Purposive Evolution for Object Recognition Using an Artificial Visual Cortex

  • Eddie Clemente
  • Gustavo Olague
  • Leon Dozal
Part of the Advances in Intelligent Systems and Computing book series (AISC, volume 175)


This work presents a novel approach to synthesize an artificial visual cortex based on what we call organic genetic programming. Primate brains have several distinctive features that help in the outstanding display of perception achieved by the visual system, including binocular vision, memory, learning, and recognition, to mention but a few. These features are processed by a complex arrangement of highly interconnected and numerous cortical visual areas. This paper describes a system composed of an artificial dorsal pathway, or where stream, and an artificial ventral pathway, or what stream, that are fused to create a kind of artificial visual cortex. The idea is to show that genetic programming is able to evolve a high number of heterogeneous trees thanks to the hierarchical structure of our virtual brain. Thus, the proposal uses two key ideas: 1) the recognition of objects can be achieved by a hierarchical structure using the concept of function composition, 2) the evolved functions can be related to the tissues of an artificial organ. Experimental results provide evidence that high recognition rates could be achieved for a well-known multiclass object recognition problem.


Visual Cortex Genetic Programming Object Recognition Visual Attention Dorsal Stream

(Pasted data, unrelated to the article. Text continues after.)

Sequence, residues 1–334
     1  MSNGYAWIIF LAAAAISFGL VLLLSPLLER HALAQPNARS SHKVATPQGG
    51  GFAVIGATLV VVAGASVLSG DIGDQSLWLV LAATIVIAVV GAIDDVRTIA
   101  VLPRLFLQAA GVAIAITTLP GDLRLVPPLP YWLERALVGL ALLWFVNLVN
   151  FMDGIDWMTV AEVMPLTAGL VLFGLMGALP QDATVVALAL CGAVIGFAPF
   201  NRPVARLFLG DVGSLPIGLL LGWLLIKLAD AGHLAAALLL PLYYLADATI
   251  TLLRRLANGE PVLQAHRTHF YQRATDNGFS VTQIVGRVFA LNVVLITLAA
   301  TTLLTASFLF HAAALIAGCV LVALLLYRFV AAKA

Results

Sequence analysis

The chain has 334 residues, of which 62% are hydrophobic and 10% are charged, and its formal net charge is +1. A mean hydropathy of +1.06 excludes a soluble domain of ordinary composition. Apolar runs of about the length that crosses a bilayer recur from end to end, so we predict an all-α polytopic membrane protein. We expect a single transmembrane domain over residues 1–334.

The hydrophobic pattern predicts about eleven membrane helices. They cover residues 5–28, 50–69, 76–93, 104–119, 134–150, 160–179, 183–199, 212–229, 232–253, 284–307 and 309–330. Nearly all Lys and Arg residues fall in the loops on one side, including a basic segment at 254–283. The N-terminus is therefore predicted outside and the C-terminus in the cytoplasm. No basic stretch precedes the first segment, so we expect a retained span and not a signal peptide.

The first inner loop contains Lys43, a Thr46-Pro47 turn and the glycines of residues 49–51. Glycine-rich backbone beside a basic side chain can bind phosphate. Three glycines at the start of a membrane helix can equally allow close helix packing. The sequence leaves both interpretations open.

These keywords were added by machine and not by the authors. This process is experimental and the keywords may be updated as the learning algorithm improves.


Unable to display preview. Download preview PDF.

Unable to display preview. Download preview PDF.


  1. 1.
    Ayala, F.J.: Teleological explanations in evolutionary biology. Philosophy of Science 37(1), 1–15 (1970)MathSciNetCrossRefGoogle Scholar
  2. 2.
    Barton, R.A.: Visual specialization and brain evolution in primates. Proceedings of the Royal Society of London Series B-Biological Sciences 265(1409), 1933–1937 (1998)CrossRefGoogle Scholar
  3. 3.
    Chang, C.-C., Lin, C.-J.: LIBSVM: A library for support vector machines. ACM Transactions on Intelligent Systems and Technology 2, 27:1–27:27 (2011), Software available at Google Scholar
  4. 4.
    Clemente, E., Olague, G., Dozal, L., Mancilla, M.: Object Recognition with an Optimized Ventral Stream Model Using Genetic Programming. In: Di Chio, C., Agapitos, A., Cagnoni, S., Cotta, C., de Vega, F.F., Di Caro, G.A., Drechsler, R., Ekárt, A., Esparcia-Alcázar, A.I., Farooq, M., Langdon, W.B., Merelo-Guervós, J.J., Preuss, M., Richter, H., Silva, S., Simões, A., Squillero, G., Tarantino, E., Tettamanzi, A.G.B., Togelius, J., Urquhart, N., Uyar, A.Ş., Yannakakis, G.N. (eds.) EvoApplications 2012. LNCS, vol. 7248, pp. 315–325. Springer, Heidelberg (2012)CrossRefGoogle Scholar
  5. 5.
    Creem, S.H., Proffitt, D.R.: Defining the cortical visual systems: “what”, “where”, and “how”. Acta Psychologica 107, 43–68 (2001)CrossRefGoogle Scholar
  6. 6.
    Desimone, R., Duncan, J.: Neural mechanisms of selective visual attention. Annu. Rev. Neurosci., 193–222Google Scholar
  7. 7.
    Fei-Fei, L., Fergus, R., Perona, P.: Learning generative visual models from few training examples: An incremental bayesian approach tested on 101 object categories, p. 178 (2004)Google Scholar
  8. 8.
    Fukushima, K.: Neocognitron: A self-organizing neural network model for a mechanism of pattern recognition unaffected by shift in position. Biological Cybernetics 36, 193–202 (1980)MathSciNetzbMATHCrossRefGoogle Scholar
  9. 9.
    Hubel, D.H.: Exploration of the primary visual cortex. Nature, 515–524 (1982)Google Scholar
  10. 10.
    Hubel, D.H., Wiesel, T.N.: Receptive fields of single neurones in the cat’s striate cortex. J. Physiol. 148(3), 574–591 (1953)Google Scholar